# Thread: Suppose that S ⊂ ℝ and (1) 1 ∈S and (2) if k ∈ S, then (k+1)∈ S. Then S = ℕ.

1. ## Suppose that S ⊂ ℝ and (1) 1 ∈S and (2) if k ∈ S, then (k+1)∈ S. Then S = ℕ.

True or false?
Suppose that S ⊂ ℝ and (1) 1 ∈S and (2) if k ∈ S, then (k+1)∈ S. Then S = ℕ.
I would say False, because S is any inductive subset of ℝ then ℕ ⊂ S.
I am not sure if my answer is correct but if so how can I show this with an example?

2. ## Re: Suppose that S ⊂ ℝ and (1) 1 ∈S and (2) if k ∈ S, then (k+1)∈ S. Then S = ℕ.

Originally Posted by Anna7777
True or false?
Suppose that S ⊂ ℝ and (1) 1 ∈S and (2) if k ∈ S, then (k+1)∈ S. Then S = ℕ.
I would say False, because S is any inductive subset of ℝ then ℕ ⊂ S.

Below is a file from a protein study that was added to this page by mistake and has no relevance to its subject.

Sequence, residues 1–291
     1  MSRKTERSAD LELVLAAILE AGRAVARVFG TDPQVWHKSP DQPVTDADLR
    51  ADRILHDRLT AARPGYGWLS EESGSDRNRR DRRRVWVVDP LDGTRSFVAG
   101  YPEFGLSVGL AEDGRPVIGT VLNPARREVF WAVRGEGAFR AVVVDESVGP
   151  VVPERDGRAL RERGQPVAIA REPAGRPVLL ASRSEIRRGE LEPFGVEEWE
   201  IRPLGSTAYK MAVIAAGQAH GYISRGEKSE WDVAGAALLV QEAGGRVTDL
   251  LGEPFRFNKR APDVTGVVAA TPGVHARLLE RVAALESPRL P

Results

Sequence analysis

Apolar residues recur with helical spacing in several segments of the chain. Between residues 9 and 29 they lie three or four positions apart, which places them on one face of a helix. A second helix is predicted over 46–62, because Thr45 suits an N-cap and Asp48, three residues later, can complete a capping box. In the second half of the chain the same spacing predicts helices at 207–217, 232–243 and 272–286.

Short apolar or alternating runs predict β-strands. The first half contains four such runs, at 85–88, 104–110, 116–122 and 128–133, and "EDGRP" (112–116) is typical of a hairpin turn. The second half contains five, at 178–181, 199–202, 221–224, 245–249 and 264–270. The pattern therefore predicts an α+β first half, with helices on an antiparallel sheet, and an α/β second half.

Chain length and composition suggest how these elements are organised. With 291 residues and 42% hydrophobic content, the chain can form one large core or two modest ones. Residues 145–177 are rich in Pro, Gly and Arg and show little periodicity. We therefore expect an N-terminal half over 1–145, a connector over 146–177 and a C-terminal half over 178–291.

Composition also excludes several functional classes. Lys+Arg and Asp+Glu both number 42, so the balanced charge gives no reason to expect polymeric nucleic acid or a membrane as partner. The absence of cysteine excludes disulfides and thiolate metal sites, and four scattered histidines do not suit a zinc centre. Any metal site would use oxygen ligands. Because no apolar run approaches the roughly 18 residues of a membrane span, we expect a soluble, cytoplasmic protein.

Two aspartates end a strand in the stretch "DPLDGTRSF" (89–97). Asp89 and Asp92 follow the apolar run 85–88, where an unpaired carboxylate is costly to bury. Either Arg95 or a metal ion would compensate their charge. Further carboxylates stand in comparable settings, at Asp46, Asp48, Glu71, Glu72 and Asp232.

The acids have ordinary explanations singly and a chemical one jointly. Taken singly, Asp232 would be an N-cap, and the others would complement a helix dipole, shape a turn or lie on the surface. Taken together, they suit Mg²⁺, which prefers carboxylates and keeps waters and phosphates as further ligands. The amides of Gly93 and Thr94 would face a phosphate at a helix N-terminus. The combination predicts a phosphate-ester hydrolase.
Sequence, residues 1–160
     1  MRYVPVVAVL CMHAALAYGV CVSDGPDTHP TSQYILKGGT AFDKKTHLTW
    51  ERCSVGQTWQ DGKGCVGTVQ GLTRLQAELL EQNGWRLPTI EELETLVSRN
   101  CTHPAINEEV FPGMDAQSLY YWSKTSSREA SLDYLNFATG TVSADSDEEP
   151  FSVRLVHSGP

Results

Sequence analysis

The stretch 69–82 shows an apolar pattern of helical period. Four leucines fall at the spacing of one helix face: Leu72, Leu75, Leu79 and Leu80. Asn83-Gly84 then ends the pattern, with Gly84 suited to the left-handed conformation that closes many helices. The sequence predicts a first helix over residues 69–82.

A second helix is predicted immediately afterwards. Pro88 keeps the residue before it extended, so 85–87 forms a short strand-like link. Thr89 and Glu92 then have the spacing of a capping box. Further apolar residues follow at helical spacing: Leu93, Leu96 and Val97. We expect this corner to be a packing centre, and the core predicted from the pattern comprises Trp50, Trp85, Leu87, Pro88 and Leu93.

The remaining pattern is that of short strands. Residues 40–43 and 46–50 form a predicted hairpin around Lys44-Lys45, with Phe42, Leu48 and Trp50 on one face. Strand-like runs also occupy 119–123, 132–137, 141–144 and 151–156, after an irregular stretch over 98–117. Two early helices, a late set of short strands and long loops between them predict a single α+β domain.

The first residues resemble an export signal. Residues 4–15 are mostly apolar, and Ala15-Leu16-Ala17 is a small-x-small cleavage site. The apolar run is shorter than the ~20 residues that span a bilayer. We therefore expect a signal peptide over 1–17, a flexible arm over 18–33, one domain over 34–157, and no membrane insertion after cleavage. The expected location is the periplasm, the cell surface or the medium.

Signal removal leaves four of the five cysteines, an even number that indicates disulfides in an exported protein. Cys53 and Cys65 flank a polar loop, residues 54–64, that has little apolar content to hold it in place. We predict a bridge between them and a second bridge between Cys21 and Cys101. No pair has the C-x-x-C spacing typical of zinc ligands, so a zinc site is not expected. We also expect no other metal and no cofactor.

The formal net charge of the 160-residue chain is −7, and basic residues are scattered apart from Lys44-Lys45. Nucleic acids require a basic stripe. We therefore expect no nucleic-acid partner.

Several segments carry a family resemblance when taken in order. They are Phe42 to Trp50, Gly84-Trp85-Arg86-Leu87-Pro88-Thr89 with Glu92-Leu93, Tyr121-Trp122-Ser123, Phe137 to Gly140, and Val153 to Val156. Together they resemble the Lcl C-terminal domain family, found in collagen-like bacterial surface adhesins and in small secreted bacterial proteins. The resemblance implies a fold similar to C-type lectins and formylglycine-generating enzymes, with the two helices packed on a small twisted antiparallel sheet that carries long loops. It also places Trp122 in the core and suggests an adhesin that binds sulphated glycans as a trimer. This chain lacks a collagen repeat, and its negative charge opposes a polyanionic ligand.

I am not sure if my answer is correct but if so how can I show this with an example?
Suppose in addition to $1$ that $S$ contains $1/2$ (which is not precluded by the conditions placed on $S$). Now in addition to the naturals $S$ also contains the set of positive half integers.

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3. ## Re: Suppose that S ⊂ ℝ and (1) 1 ∈S and (2) if k ∈ S, then (k+1)∈ S. Then S = ℕ.

You have a very subtle but correct point! By "induction" if a set contains 1 and whenever a positive integer k is contained in the set k+1 is also in the set, then N, the set of all positive integers, is a subset but NOT necessarily the entire set. An obvious example is {1/2, 1, 3/2, 2, 5/2, 3, ...} containing all positive integers and all "half integers". Notice that even if k is a half integer, k+ 1 is also in the set.